A fractional CFO can help start-ups by providing services for organizations on a part-time or contractual basis. This means the company can gain the expertise of a CFO without the significant costs that an in-house, full-time CFO may bring.
Typically, a CFO is brought on for a specific project to meet the company’s financial goals, or to address financial challenges sustainably.
What Can a Fractional CFO Do for a Startup?
Fractional CFOs work on a number of projects that require expertise in financial modeling, accounting and business strategy. They usually work on a project or challenge that the company’s current in-house staff are not equipped to deliver on.
Many in-house accounting and back-office finance professionals spend their time working on past financial transactions and the present. A fractional CFO may be brought on to forecast the future of the business from a financial perspective, providing strategic recommendations for its growth.
A fractional CFO often contributes to a business by strategizing the best ways to achieve the growth required. This often requires thinking about financial goals over the next few years and making recommendations on financing the business, through external investment or loans.
Improving Cash Flow
Understanding how cash flows in and out of a startup will be a key consideration for the founders and investors of a company. A fractional CFO can assist by improving the analytical capabilities of the business’ data and will then create a plan of action based on the analysis.
They can get to the bottom of where revenue leakage exists, with the goal of minimizing leakages and creating innovative ways to improve cash flow depending on the business goal.
How to Make Cost Cuts
A job that many startup founders and management teams do not enjoy is looking for ways to cut costs. However, running a startup in a lean fashion is often a requirement due to limited funding of the business. A fractional CFO can make this a more bearable process by analyzing incomings and outgoings and figuring out what can be cut or reduced for a more profitable business. It can be easier for a fractional CFO to make the required recommendations, as they find it easier to act objectively compared with an in-house CFO.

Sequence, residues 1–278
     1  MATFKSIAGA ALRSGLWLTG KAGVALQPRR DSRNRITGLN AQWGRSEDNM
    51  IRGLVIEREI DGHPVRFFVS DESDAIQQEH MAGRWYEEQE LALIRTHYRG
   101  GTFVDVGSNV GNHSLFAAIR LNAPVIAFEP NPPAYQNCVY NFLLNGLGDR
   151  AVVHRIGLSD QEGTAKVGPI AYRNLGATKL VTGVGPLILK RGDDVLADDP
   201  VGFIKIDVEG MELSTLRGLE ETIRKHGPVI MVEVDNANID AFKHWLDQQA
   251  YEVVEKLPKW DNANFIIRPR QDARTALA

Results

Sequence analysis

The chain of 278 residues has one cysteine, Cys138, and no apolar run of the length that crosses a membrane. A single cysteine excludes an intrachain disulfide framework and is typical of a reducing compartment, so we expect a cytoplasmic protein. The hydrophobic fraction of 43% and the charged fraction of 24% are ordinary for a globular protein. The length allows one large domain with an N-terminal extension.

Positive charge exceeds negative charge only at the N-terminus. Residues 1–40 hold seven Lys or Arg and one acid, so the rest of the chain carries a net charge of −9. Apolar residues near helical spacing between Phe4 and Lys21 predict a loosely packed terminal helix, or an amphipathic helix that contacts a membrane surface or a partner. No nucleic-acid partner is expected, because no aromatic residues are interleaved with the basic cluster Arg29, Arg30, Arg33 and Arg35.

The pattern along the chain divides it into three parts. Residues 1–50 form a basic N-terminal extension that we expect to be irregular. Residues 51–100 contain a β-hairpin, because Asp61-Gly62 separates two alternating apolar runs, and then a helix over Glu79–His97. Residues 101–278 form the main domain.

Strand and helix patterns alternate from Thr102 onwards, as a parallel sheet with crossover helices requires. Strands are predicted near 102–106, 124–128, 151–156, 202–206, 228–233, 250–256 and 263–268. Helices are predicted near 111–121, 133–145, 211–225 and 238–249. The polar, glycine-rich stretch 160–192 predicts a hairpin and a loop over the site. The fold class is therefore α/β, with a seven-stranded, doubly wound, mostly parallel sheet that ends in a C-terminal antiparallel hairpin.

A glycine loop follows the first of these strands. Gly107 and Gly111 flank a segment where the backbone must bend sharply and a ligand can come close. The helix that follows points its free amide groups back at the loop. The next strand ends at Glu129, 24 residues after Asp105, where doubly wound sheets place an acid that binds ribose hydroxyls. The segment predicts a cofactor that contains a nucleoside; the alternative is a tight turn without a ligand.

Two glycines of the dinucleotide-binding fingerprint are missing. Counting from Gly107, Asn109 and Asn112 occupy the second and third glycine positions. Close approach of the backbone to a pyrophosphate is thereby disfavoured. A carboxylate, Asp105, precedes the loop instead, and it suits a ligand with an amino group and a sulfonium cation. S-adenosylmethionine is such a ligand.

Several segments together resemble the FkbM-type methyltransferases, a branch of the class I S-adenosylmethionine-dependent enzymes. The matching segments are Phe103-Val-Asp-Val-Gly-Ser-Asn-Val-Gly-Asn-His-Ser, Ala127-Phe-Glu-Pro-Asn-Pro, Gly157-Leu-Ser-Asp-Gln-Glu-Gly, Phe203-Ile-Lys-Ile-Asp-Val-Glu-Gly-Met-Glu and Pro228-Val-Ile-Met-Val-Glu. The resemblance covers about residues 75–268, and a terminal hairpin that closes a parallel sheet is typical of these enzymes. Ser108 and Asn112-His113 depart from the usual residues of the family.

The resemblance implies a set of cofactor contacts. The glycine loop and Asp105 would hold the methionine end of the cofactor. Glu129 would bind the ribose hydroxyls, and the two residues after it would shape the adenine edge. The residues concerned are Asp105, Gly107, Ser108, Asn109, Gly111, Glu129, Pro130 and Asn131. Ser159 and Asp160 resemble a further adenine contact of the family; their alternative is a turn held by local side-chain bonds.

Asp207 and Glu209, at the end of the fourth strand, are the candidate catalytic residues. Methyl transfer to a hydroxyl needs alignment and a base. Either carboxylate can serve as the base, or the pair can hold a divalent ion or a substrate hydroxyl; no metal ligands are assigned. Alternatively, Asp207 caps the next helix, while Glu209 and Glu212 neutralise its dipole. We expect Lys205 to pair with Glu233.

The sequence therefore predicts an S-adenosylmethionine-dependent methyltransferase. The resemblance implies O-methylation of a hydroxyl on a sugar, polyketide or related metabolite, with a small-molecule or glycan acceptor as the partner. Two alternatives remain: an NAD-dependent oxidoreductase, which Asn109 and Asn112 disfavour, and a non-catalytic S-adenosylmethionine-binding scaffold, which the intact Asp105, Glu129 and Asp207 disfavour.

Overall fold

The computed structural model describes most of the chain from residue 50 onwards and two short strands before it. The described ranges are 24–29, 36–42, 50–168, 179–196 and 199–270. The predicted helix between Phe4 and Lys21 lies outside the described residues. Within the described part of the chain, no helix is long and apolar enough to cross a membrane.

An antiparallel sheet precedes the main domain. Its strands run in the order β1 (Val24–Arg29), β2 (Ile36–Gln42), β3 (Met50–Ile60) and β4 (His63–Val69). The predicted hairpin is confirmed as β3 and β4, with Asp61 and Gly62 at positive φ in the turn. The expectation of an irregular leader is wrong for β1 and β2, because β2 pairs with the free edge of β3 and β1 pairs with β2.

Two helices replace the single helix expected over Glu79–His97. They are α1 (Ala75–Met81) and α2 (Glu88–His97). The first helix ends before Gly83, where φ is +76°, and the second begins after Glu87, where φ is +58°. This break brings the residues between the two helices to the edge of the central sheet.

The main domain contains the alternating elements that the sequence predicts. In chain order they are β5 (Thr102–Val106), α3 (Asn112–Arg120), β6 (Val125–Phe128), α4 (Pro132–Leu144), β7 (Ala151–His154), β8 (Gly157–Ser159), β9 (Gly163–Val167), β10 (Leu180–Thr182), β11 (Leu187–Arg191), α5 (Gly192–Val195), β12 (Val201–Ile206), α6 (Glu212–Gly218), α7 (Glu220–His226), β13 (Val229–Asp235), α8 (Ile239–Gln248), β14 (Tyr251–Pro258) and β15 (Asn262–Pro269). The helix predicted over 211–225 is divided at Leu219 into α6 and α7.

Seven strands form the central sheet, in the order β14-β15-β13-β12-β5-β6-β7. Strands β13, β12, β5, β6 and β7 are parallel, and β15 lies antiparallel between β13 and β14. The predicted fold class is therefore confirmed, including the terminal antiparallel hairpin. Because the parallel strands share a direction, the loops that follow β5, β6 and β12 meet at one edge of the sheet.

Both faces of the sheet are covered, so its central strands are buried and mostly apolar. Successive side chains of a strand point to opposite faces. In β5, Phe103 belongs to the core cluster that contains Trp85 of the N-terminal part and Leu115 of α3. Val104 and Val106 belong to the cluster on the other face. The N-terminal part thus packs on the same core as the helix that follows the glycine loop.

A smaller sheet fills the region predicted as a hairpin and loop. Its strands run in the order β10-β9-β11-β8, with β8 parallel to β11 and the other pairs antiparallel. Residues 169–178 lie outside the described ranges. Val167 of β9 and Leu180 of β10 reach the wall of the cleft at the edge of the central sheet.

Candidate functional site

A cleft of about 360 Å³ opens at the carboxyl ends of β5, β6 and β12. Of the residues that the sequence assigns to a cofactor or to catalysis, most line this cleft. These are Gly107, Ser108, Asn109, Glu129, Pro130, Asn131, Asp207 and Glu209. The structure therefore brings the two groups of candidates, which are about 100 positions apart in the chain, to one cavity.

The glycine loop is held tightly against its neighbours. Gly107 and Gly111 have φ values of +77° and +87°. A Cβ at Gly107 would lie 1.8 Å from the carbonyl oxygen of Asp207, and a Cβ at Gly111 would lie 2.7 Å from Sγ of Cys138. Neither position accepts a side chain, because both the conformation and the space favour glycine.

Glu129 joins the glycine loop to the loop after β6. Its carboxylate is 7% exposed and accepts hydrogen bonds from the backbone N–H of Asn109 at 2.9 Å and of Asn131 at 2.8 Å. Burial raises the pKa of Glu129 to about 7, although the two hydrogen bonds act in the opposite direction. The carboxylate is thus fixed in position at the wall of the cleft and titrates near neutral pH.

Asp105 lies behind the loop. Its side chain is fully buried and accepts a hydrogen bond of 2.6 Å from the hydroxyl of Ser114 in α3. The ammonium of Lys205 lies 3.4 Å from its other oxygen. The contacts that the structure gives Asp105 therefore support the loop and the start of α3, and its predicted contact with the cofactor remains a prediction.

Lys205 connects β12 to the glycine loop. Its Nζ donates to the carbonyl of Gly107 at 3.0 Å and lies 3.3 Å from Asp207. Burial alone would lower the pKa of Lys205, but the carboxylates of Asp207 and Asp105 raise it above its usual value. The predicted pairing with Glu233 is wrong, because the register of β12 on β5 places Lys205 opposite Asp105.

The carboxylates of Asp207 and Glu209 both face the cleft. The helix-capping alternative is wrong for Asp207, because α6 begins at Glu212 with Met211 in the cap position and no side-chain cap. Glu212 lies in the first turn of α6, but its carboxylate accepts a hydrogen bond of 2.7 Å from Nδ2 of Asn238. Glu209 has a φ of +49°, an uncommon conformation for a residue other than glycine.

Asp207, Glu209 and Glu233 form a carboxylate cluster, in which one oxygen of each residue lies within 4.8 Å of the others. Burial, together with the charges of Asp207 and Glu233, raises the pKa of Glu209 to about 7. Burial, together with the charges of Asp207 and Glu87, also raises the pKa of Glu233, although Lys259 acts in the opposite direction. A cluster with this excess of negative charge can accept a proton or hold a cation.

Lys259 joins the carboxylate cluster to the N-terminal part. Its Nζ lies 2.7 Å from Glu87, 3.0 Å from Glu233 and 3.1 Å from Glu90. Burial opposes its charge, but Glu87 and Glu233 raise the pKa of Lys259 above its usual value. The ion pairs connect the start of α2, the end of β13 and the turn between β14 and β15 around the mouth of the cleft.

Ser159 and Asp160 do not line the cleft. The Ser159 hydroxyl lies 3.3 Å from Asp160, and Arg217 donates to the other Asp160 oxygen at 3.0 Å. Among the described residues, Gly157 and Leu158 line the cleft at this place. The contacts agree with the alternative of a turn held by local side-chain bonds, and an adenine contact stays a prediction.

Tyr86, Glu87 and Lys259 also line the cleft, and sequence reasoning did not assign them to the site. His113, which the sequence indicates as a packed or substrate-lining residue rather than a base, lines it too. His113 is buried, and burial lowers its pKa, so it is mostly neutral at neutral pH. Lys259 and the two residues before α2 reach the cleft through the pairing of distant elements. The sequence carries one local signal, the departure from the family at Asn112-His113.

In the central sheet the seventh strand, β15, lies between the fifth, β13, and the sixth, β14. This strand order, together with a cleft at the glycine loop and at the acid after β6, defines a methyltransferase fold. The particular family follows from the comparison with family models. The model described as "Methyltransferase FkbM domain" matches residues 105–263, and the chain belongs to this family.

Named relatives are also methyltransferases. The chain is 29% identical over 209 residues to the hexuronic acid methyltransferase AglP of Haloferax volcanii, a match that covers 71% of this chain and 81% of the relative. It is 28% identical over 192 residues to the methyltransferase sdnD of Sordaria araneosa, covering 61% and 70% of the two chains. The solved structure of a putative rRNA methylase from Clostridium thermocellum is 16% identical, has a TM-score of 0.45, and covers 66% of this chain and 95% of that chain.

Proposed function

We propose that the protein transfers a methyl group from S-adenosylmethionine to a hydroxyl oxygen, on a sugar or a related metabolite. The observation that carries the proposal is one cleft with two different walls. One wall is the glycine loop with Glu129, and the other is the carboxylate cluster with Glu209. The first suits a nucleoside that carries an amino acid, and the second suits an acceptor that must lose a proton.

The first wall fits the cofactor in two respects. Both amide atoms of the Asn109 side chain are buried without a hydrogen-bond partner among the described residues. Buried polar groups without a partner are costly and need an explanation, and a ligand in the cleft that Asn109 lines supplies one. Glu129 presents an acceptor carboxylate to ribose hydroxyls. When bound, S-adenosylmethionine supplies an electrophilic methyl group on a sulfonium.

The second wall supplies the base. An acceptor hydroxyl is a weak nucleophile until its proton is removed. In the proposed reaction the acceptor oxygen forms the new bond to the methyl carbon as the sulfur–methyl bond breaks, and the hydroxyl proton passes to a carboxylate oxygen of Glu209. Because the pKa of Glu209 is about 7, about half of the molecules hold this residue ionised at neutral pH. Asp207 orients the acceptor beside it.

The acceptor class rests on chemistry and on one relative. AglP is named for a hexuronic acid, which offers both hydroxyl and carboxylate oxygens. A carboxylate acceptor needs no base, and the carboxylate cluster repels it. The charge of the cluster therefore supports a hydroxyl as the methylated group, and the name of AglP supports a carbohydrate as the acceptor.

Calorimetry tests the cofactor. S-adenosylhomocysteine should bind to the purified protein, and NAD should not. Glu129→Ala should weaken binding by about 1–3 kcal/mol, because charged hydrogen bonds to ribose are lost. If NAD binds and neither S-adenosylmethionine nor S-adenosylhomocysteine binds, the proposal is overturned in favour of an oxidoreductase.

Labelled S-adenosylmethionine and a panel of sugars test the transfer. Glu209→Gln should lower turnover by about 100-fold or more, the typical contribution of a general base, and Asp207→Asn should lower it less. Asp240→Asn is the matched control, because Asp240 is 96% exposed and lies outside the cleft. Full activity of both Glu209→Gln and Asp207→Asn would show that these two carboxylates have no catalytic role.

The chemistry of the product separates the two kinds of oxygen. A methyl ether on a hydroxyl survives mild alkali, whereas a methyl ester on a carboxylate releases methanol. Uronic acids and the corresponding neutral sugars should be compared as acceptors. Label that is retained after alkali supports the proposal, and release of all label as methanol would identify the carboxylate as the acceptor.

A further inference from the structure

Business Acquisition Analysis
Deciding to acquire a business can be a risky but rewarding decision. One important factor is valuing a business for sale correctly. Preparing well is the way to get it right and a fractional CFO can help with just that. An experienced, capable CFO will understand how to analyze detailed company financials and review the market for comparable businesses to arrive at a fair valuation. A CFO can then work on how to fund the acquisition through debt or equity.
Many people believe growth is the responsibility of the founder, salesperson or marketer of the company. However, fractional CFOs are likely able to provide important input for the growth strategy. A modern CFO will use customer acquisition cost analysis and customer lifetime value analysis to work out metrics. An example of this is identifying ROI on marketing expenses and then looking for ways to decrease the cost of acquiring customers. By using data analysis to inform them, CFOs are at the heart of a business’ strategy. A CFO will be able to predict near-term financial performance and engage with marketing teams to help improve practices.
A fractional CFO has many benefits to give to startups looking to grow their business, lower costs or simply get a hold of their accounting and future forecasts. A full-time CFO staff member may not be affordable for many small businesses who may still be building their product or getting traction in their market. However, a fractional CFO could give serious value to a growing company, if hired to help achieve specific, ambitious business objectives
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